George Calvert

(Lord Baltimore)


Lord Baltimore
George Calvert, first Lord Baltimore, was born in England about 1580, and was the descendant of a noble Flemish family of the same name. He studied at Oxford University. He was appointed by James I one of the principal secretaries of state, which office he resigned in 1624, when he avowed his conversion to the Roman Catholic faith. James, however, retained him in the Privy Council and made him Baron of Baltimore in Longford County, Ireland. Obtaining a grant from that sovereign of a large tract of land in Newfoundland, he founded there at great expense, and for several years sustained, a colony named Avalon. Owing to the rigorous climate and difficulties with the French, his efforts were not crowned with success. Desirous, however, of securing a place where his fellow Catholics could enjoy liberty of worship, he visited Virginia in 1628 and explored the adjacent territory. Returning to England, he obtained from Charles I a grant of land embracing the present State of Maryland. His death occurring in 1632, before the charter was issued, that instrument was made out directly to his son Cecilius. It guaranteed civil and religious liberty to the colonists and their exemption from English taxation.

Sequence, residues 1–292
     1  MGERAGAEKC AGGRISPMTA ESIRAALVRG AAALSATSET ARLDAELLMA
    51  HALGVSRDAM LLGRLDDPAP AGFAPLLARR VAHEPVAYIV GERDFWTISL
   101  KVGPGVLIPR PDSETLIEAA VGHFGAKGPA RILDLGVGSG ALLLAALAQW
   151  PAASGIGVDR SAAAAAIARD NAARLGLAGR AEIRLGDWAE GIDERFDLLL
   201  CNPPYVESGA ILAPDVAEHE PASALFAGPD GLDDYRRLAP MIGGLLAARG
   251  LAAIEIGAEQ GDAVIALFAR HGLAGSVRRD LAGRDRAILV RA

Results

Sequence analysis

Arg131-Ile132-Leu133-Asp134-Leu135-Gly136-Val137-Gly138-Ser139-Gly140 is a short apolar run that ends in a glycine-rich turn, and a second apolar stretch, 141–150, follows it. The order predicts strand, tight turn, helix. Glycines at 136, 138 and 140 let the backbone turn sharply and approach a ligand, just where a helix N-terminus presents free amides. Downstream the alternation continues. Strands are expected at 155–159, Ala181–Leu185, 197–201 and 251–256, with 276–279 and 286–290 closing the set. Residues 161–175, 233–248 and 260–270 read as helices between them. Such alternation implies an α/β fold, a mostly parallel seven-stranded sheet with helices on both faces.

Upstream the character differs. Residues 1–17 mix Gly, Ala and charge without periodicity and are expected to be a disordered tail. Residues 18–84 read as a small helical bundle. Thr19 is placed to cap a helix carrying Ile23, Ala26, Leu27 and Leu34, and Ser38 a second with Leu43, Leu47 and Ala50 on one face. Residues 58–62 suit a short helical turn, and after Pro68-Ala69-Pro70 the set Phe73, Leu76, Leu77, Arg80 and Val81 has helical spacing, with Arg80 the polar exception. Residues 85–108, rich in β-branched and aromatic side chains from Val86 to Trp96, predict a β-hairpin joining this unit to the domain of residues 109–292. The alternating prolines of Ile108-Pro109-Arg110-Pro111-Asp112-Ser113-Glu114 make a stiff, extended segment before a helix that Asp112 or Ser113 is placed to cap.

Adapted from The Dictionary of Biography by Charles Morris

Key events during the life of Lord Baltimore:

Birth of Lord Baltimore.
Converted to Catholicism and resigned from the office of Secretary of State.
  Made Baron of Baltimore by King James I.
Visited Virginia.
  Founded Maryland Colony.
Death of Lord Baltimore.

Other Resources

Story Links
Book Links
The Catholics in Maryland  in  Story of the Thirteen Colonies  by  H. A. Guerber
Founding of Maryland  in  This Country of Ours  by  H. E. Marshall
Other Colonies  in  American History Stories, Volume I  by  Mara L. Pratt

Image Links

George Calvert, the First Lord Baltimore
 in Builders of Our Country: Book I

Governor Calvert Bartering for Land on Chesapeake
 in Builders of Our Country: Book I

Short Biography
James I First Stuart king of England. Intelligent and competent, but unable to work effectively with Parliament.